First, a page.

Make no mistake: the Diamond Cutter is the signature move of the DDP Yoga program. If you’ve followed along with the DDP Yoga DVDs, the app, or you’ve attended an in-person workshop or class, you’ve “felt the bang,” so to speak.
Why It’s Called The Diamond Cutter
The Diamond Cutter is the first of several movements in the Diamond Dozen whose names have roots in Dallas’ past.
Diamond Dallas Page’s finishing move during his professional wrestling career was the Diamond Cutter. In fact, there’s a whole Wikipedia page dedicated to various cutters. The move essentially involves grabbing your opponent’s head in a facelock and then dropping them to the ground. It’s a relatively recent invention, so fans of wrestling prior to the 1990s may not have seen it.
The Diamond Cutter has been adapted in different forms by many wrestlers today, including Randy Orton and his RKO.
How To Do The Diamond Cutter
Fortunately, you don’t need to fall to the ground in order to do the DDP Yoga Diamond Cutter.
Instead, first root yourself like you did in Ignition Into Touchdown. Like all of the DDP Yoga movements, you can incorporate dynamic resistance (isometric muscle contractions) to get the most out of it.
With your entire lower body engaged from Ignition, push your thumb and index fingers together while pulling your pinkies away. This works your hands, forearms, biceps, triceps, shoulders, and your chest.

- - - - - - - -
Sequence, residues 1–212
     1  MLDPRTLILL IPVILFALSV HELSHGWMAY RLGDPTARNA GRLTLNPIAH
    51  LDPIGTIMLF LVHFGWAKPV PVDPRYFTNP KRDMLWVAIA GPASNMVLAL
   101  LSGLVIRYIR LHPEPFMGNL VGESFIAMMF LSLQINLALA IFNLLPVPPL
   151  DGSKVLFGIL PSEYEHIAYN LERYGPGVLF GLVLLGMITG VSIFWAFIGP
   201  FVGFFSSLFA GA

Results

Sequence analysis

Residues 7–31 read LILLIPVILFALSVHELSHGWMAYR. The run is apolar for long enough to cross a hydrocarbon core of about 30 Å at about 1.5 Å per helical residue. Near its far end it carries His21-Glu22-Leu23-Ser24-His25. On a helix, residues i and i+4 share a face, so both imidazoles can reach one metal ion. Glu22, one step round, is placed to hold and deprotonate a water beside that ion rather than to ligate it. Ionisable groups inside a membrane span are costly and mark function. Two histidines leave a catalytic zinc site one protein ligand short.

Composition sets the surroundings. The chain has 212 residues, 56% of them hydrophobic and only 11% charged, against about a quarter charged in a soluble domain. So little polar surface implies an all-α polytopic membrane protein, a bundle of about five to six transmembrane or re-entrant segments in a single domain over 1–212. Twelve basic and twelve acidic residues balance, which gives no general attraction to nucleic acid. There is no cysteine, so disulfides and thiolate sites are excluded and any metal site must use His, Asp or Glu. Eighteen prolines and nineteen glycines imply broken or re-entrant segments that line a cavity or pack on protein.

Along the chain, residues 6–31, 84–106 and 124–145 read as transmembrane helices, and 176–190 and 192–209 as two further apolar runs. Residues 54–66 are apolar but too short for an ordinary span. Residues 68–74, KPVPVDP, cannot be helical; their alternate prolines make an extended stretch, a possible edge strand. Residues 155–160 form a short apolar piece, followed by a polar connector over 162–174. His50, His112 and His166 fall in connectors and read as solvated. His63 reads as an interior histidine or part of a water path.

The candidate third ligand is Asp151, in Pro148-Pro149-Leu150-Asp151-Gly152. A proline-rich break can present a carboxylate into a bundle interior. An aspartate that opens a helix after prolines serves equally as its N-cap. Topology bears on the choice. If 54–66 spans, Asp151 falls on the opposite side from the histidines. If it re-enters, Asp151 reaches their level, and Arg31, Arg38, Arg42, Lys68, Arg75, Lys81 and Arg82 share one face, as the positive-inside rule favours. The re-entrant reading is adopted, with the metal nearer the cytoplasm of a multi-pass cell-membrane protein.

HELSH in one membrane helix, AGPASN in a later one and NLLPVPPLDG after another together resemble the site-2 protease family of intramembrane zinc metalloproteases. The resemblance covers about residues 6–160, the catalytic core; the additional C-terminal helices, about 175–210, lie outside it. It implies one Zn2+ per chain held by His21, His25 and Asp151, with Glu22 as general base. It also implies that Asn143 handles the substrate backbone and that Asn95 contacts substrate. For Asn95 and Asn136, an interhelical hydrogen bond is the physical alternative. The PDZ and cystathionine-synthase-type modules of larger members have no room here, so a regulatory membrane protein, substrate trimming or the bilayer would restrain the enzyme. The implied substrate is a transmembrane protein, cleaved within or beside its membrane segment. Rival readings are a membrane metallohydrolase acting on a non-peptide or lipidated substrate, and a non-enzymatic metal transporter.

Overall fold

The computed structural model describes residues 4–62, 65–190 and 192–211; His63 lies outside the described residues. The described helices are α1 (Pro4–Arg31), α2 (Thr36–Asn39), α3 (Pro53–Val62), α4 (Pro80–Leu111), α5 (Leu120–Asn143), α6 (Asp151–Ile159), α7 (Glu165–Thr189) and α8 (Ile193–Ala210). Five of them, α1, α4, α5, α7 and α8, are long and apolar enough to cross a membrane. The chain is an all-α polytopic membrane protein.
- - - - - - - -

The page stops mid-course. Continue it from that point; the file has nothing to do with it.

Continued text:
Inhale while raising your hands up over your head (here’s a refresher on how to breathe in DDP Yoga). Extend backwards, tucking your tailbone to protect your back. Here, you’ll look like Dallas used to when he made his ring entrance:
Next, extend your arms to make your body into a T shape. Clench your fists, and as you exhale, “Hulk it up!” This means you’re bringing your arms in front of your chest while flexing with everything you’ve got. Just like Hulk Hogan:
The dynamic resistance you’re using here means that your muscles are flexed. When they’re flexed, they need more oxygenated blood. That means your heart has to work faster, which is why your heart rate goes up standing still.
Then, you’ll roll your shoulders back, with your hands extended and arms out. Finally, you’ll relax and be at ease.
What Body Parts The Diamond Cutter Works
The Diamond Cutter is a whole-body posture, which can be said for just about all of the Diamond Dozen positions.
You already know what you’re working in Ignition.
The Diamond Cutter also specifically works:
- Pectorals (chest)
- Trapezius (neck/shoulders)
The Benefits of the Diamond Cutter
The Diamond Cutter has many benefits, including:
- Reversing a stretch. Say you’ve spent several minutes in a lunge, crunching up your hip flexors. The Diamond Cutter takes you in the opposite direction, helping to massage and lengthen them after you’ve compressed them.
- Mobilizing your shoulders, chest, and back. If you’ve had a day focusing on any of those body parts at the gym, the Diamond Cutter helps you loosen up those stiff muscles.
- Knowing you’re at the end of a sequence. Typically, Diamond Cutters are performed when you’ve reached the end of a sequence or flow. Some are occasionally thrown in the middle. In my class, however, I typically do them right before a break. That means, in your head, you can usually take a second to shake it out and get a few seconds of rest. It’s more of a mental breather.
What The Diamond Cutter Looks Like In Traditional Yoga
The Diamond Cutter seems to be a unique move of the DDP Yoga system. The closest combination of moves I can find that look like the Diamond Cutter are Mountain pose (tadasana) and Half Wheel pose (ardha chakrasana).
Try The Diamond Cutter
You have two opportunities each week to try the Diamond Cutter with me. I teach DDP Yoga twice a week in central Illinois – Tuesdays at Titan Fitness in Washington, and Thursdays at Metamora Parks and Recreation on the square.